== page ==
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He who thinks change detection is depth-first and he who thinks it’s breadth-first are both usually right

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Do you know if Angular first checks siblings of the current component (breadth-first) or its children (depth-first)? This article demonstrates that the answer depends on what operations of change detection you consider.

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He who thinks change detection is depth-first and he who thinks it’s breadth-first are both usually right

Do you know if Angular first checks siblings of the current component (breadth-first) or its children (depth-first)? This article demonstrates that the answer depends on what operations of change detection you consider.

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3 min read
3 min read

I was once asked if change detection in Angular is depth or breadth first. This basically means whether Angular first checks siblings of the current component (breadth-first) or its children (depth-first). I hadn’t given any prior thought to this question so I just went with my gut and the knowledge of internals. I declared that it was depth-first. Later, to check my assertion, I created a tree of components and put some logging logic inside the ngDoCheck hook:

@Component({
    selector: 'r-comp',
    template: `{{addRender()}}`
})
export class RComponent {
    ngDoCheck() {
        // holds all calls in order and is logged to console
        calls.ngDoCheck.push('R');
    }

And to my surprise, it turned out that some siblings were checked first as depicted on the diagram below:

So here you see that Angular checks K and then V, L and then C and so on. So was I wrong and it’s really a breadth-first algorithm? Well, not exactly. First thing to notice in the above representation is that it’s not a proper breadth-first algorithm. The conventional implementation of the algorithm checks all siblings on the same level, whereas in the diagram above as you can see the algorithm indeed checks L and C sibling components, but instead of checking X and F it goes down to J and O. Also, the implementation of the breadth-first graph traversal algorithm is well defined but I couldn’t find it in the sources. So I decided to run another experiment and put a logging logic in a custom function called when change detection evaluates expressions:

@Component({
    selector: 'r-comp',
    template: `{{addRender()}}`
})
export class RComponent {
    addRender() {
        calls.render.push('R');
    }
}

And this time I got different results:

It’s a proper depth-first graph traversal algorithm. So what’s going on here? It’s actually pretty simple, let me explain.

Change detection operations

To understand the difference in behavior we need to take a look at the operations performed by change detection mechanism when checking a component. If you’ve read my other articles on change detection you probably know that the key operations performed by change detection are the following:

  • update child components properties
  • call NgOnChanges and NgDoCheck lifecycle hooks on child components
  • update DOM on the current component
  • run change detection for child components

I highlighted one interesting specifics above — when Angular checks the current component it calls lifecycle hooks on child components, but renders DOM for the current component. And that’s a very important distinction. This is precisely the reason that makes it seem as if the algorithm runs breadth-first if we put logging into NgDoCheck hook. When Angular checks a current component it calls lifecycle hooks for all its child components which are siblings. Suppose Angular checks K component now and calls NgDoCheck lifecycle hook on L and C. So, we get the following:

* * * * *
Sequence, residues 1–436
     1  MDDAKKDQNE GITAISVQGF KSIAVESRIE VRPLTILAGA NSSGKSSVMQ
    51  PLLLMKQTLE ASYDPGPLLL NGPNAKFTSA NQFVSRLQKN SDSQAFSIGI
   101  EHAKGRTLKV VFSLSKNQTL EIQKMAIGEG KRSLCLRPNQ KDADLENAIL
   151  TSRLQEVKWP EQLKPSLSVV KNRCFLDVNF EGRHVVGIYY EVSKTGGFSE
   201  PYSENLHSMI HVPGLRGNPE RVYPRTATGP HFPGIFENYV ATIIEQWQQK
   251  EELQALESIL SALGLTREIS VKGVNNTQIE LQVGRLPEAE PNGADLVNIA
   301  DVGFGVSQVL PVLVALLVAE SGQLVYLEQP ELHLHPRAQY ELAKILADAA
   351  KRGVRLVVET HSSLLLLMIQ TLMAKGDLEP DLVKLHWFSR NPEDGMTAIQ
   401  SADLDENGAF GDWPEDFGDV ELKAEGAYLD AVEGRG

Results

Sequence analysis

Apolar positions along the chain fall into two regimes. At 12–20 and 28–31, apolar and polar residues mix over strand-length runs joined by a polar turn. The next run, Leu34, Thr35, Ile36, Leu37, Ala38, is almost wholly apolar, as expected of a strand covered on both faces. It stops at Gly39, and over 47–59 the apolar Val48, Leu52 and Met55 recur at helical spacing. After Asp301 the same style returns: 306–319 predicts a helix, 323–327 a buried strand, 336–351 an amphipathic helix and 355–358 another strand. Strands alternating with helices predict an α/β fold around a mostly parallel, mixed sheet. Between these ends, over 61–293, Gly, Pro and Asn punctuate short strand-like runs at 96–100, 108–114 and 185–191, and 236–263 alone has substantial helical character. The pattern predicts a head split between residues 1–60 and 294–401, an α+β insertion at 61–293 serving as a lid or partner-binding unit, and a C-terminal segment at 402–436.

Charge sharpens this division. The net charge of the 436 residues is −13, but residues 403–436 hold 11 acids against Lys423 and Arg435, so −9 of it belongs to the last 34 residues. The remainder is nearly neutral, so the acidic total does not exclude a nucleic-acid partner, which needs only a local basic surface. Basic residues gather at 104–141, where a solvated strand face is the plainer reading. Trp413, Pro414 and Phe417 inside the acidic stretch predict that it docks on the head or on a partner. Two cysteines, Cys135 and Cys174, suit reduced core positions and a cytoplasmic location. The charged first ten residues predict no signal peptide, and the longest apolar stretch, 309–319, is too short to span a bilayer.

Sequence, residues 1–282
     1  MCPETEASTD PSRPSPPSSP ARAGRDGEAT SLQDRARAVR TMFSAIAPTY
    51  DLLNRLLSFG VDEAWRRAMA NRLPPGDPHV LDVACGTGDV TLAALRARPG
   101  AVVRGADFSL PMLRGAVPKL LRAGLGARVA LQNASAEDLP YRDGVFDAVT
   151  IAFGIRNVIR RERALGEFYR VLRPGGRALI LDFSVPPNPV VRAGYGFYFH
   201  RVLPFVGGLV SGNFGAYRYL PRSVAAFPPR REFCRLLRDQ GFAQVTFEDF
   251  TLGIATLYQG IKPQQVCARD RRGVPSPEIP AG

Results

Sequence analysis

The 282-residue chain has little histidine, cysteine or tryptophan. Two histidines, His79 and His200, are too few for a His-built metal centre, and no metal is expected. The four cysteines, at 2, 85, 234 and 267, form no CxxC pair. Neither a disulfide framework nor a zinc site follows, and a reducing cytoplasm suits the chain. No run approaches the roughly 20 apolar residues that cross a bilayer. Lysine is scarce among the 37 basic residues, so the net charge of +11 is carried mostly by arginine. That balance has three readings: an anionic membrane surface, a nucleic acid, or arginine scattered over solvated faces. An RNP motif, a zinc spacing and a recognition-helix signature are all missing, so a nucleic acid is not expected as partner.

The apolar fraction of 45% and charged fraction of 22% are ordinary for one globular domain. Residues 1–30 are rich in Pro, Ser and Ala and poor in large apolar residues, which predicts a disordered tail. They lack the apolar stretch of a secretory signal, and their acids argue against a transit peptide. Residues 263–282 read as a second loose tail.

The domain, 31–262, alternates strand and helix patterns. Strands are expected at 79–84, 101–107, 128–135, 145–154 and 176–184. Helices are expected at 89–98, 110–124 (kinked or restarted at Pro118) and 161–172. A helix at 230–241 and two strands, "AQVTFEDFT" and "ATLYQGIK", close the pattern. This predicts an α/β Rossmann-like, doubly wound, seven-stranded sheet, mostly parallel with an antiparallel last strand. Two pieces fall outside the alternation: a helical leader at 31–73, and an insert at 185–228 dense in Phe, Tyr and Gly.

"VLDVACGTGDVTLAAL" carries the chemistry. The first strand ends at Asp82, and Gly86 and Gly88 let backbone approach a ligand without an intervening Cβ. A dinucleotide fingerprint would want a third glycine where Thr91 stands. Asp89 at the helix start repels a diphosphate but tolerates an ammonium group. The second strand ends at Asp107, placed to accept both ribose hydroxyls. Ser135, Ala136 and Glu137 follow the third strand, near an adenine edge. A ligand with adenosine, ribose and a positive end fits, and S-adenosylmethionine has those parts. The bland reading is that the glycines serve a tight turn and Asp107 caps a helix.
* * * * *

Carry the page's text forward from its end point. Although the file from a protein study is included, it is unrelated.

Looks like breadth-first algorithm. However, remember that Angular still in the process of checking K component. So after completing all operations for the K component it doesn’t proceed to checking the sibling V component, as it would with the breadth-first implementation. Instead, it goes on to check L component, which is a child of K. This is the depth-first implementation of change detection algorithm. And as we now know it will call ngDoCheck on J and O components and this is exactly what happens:

So, after all, my gut didn’t let me down. Change detection mechanism is implemented as depth-first internally, but involves calling ngDoCheck lifecycle hooks on sibling components first. By the way, I already described this logic in depth in the If you think `ngDoCheck` means your component is being checked — read this article.

Stackblitz demo

Here you can see the demo with logging logic in different places.

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About the author

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Max Koretskyi

Max is a self-taught software engineer that believes in fundamental knowledge and hardcore learning. He’s the founder of inDepth.dev community and one of the top users on StackOverflow (70k rep).

author_image

About the author

Max Koretskyi

Max is a self-taught software engineer that believes in fundamental knowledge and hardcore learning. He’s the founder of inDepth.dev community and one of the top users on StackOverflow (70k rep).

About the author

author_image
Max Koretskyi

Max is a self-taught software engineer that believes in fundamental knowledge and hardcore learning. He’s the founder of inDepth.dev community and one of the top users on StackOverflow (70k rep).

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